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Various types of nunchaku.
Various types of nunchaku.

The nunchaku (/nʌnˈæk/) (Japanese: ヌンチャク, sometimes "nunchuks"[1] (/ˈnʌnʌks/), "nunchucks",[2] "chainsticks",[3] "chuka sticks"[4] or "karate sticks"[5] in English; Chinese: 雙節棍) is a traditional Okinawan martial arts weapon consisting of two sticks connected at one end by a short chain or rope. The two sections of the weapon are commonly made out of wood, while the link is a cord or a metal chain. The person who practices this weapon is referred to as nunchakuka.

The nunchaku is most widely used in martial arts such as Okinawan kobudō and karate. Its intended use is as a training weapon, since it allows the development of quicker hand movements and improves posture. Modern-day nunchaku can be made from metal, wood, plastic or fiberglass. Toy and replica versions made of polystyrene foam or plastic are also available. Possession of this weapon is illegal in some countries, except for use in professional martial arts schools.

The exact origin of nunchaku is unclear: allegedly adapted by Okinawan farmers from a non-weapon rice-flail implement for threshing rice. It was not a historically popular weapon because it was ineffective against the most widely used weapons of that time such as samurai swords and naginata and few historical techniques for its use still survive.

In modern times, nunchaku (Tabak-Toyok) were popularized by actor and martial artist Bruce Lee and his martial arts student (and his teacher of Filipino martial arts) Dan Inosanto, who introduced this weapon to the actor.[6] Lee famously used nunchaku in multiple scenes of the 1972 film Fist of Fury.[7] Further exploration of use of nunchaku and of other kobudo discipline was afforded to Bruce Lee with and by Tadashi Yamashita, who worked with Bruce Lee on and in the 1973 film Enter the Dragon. Another popular association in modern times is the character Michelangelo of the Teenage Mutant Ninja Turtles franchise. Various organizations teach the use of nunchaku as a contact sport.


The origin of the word nunchaku (ヌンチャク) is not known. One theory indicates it was derived from pronunciation of the Chinese characters 双截棍 (a type of traditional Chinese two section staff) in a Southern Fujian dialect of Chinese language (兩節棍 nng-chat-kun, pair(of)-linked-sticks). Another derives from the definition of "nun" as "twin".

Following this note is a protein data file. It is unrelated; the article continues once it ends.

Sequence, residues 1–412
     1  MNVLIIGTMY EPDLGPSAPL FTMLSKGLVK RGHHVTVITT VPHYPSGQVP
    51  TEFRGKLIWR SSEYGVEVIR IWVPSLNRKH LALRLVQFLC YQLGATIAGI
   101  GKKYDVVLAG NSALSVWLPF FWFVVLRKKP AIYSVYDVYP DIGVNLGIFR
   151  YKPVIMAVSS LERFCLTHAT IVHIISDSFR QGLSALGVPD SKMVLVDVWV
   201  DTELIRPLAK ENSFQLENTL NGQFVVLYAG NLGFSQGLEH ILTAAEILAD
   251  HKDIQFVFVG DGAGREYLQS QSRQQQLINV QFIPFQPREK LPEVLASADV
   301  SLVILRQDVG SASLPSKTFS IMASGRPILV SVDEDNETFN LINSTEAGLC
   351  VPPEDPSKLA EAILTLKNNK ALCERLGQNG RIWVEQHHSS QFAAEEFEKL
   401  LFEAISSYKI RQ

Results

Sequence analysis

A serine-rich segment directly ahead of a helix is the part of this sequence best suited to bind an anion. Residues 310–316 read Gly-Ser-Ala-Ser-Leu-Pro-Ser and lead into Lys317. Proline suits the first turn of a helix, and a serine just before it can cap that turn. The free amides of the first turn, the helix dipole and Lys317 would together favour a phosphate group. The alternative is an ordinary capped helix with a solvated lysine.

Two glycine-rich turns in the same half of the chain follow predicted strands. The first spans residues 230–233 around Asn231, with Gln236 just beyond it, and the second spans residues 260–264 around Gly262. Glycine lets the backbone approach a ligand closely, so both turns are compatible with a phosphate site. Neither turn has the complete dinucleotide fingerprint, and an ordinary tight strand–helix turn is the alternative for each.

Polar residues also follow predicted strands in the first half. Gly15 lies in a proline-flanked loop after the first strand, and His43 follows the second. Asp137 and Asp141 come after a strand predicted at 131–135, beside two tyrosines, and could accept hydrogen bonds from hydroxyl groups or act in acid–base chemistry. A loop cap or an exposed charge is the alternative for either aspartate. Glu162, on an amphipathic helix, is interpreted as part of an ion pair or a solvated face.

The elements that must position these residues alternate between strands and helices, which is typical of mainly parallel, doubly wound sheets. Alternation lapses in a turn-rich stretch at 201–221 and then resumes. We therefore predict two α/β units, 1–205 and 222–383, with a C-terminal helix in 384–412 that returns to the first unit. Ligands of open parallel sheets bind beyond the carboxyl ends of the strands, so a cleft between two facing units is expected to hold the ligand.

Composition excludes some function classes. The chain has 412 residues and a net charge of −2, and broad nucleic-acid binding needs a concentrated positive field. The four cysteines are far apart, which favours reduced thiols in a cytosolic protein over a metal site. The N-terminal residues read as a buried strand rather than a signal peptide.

Another name for this weapon is "nūchiku"(ヌウチク).[8]

In the English language, nunchaku are often referred to as "nunchuks".[9]


Hyoshiki (wooden clappers)
Hyoshiki (wooden clappers)

The origin of the nunchaku is unclear, although one popular belief is that nunchaku was originally a short South-East Asian flail[10] used to thresh rice or soybeans. Alternative theories are that it was originally developed from an Okinawan horse bit (muge) or from a wooden clapper called hyoshiki[11] carried by the village night watch, made of two blocks of wood joined by a cord. The night watch would hit the blocks of wood together to attract people's attention, then warn them about fires and other dangers.[12]

Though some propose that the association of nunchaku and other Okinawan weapons with rebellious peasants, it is most likely a romantic exaggeration. Martial arts in Okinawa were practiced exclusively by aristocracy (kazoku) and "serving nobles" (shizoku), but were prohibited among commoners (heimin).[13] According to Chinese folklore, nunchaku are a variation of the two section staff.[14]


Parts of nunchaku
Parts of nunchaku


Close-up image of the kontoh (top) of two nunchaku, showing the kusari (chain) on one, and the himo (rope) and ana (hole) that the himo goes through on the other.